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|ENGRAVING WITH ‘GRAVERS’|
V.Ryan © 2021
|Jewellers use ‘gravers’ to engrave the surface of metals, (cutting patterns into the surface). This adds decoration and designs to a plain surface. Engraving can also give the illusion of depth, on a surface that would lack appeal and interest, if left plain.
Gravers are also used for setting stones in jewellery.
The handle of a graver is designed to fit the palm of the hand comfortably. One side of the handle is flat, to allow the graver to be held close (almost parallel), to the metal surface.
Various graving tool cross sections, are available and the jeweller will select the one that feels right, for the type of engraving and surface effect being created.
|To transfer a design, rub the surface of the metal with plasticine and overlay it with carbon paper. The plasticine makes it possible for the carbon to stick to the metal surface. A paper design is then laid on top of the carbon and the design traced in pencil. The carbon paper transfers the pattern to the surface. Finally, use a scriber to accurately ‘scribe’ the pattern into the surface of the metal.|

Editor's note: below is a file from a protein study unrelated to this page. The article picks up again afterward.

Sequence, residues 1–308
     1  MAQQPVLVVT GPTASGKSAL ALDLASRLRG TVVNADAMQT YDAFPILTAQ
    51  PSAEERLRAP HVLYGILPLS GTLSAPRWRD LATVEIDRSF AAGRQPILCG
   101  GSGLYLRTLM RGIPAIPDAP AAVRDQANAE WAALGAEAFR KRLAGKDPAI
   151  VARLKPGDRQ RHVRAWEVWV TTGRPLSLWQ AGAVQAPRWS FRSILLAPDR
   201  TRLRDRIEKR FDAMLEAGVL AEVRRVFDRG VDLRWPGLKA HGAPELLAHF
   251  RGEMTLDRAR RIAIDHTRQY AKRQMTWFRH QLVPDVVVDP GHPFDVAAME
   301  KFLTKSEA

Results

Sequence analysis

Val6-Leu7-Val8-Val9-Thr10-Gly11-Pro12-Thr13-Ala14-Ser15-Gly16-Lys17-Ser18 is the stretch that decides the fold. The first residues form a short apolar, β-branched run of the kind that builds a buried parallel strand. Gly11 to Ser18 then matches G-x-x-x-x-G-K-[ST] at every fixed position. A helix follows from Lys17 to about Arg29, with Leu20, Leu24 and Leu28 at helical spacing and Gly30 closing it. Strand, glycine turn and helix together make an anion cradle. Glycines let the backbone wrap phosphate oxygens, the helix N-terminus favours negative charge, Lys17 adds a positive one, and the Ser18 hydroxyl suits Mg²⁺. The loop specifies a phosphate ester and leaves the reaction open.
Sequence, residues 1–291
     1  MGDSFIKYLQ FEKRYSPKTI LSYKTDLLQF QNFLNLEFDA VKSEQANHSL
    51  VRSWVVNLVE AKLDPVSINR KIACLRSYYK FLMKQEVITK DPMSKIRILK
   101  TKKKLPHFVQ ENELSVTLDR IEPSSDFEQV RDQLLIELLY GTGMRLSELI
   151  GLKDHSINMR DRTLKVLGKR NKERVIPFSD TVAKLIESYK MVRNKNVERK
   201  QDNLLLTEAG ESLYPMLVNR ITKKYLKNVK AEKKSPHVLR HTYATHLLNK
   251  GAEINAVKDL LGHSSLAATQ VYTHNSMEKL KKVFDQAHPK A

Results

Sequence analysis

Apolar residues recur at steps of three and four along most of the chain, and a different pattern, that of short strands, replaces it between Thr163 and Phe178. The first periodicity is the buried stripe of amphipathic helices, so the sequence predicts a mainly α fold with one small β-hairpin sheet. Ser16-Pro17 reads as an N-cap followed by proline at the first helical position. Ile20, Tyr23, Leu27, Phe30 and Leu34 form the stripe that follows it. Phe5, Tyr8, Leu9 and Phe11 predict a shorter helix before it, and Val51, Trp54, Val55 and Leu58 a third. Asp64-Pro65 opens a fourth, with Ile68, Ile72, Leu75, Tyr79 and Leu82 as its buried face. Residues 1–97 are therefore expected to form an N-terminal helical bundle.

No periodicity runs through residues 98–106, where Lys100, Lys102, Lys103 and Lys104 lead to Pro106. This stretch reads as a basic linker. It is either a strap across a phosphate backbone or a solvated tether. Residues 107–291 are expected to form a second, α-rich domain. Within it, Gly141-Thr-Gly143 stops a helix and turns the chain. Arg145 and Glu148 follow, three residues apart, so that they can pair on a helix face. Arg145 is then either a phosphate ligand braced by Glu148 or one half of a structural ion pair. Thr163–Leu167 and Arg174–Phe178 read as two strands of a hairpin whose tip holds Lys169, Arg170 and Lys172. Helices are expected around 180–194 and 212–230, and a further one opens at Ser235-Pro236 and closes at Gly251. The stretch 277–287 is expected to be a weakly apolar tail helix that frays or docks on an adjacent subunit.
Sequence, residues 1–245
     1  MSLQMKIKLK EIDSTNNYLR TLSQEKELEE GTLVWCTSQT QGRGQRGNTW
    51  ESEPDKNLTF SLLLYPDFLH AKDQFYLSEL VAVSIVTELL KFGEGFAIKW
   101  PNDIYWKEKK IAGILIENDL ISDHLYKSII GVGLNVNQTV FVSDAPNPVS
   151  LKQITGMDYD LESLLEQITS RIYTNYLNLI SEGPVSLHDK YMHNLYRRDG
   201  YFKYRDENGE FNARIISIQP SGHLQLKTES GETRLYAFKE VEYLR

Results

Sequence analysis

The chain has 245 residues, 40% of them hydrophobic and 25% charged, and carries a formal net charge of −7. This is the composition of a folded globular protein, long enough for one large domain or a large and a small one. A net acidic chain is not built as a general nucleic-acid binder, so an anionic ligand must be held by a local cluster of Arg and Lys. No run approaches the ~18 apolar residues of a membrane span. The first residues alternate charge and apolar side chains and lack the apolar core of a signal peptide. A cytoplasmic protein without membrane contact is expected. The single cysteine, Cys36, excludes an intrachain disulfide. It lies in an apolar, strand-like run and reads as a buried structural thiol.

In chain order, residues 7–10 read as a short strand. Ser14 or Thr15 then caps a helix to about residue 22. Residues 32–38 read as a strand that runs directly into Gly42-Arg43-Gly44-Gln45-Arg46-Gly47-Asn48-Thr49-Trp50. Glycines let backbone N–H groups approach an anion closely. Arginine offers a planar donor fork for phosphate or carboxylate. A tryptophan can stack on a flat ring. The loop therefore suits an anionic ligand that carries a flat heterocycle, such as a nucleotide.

|To start engraving, dig in the graver ‘slightly’ into the surface and push forward it 2 to 3mm. Remove the resulting swarf / waste. Repeat this procedure, following the pattern on the surface of the metal.|
|The metal being engraved can be carefully held on a sandbag. Or, it can be ‘glued’ temporarily to a block of wood, with setters cement, pitch or shellac. This is removed after the engraving is complete.|
|GRAVER CROSS SECTIONS|
|This is a graver with a curved shaft. Some jewellers find this style easier and more comfortable to use. It means the jeweller’s hand is slightly above the surface of the metal being engraved.|
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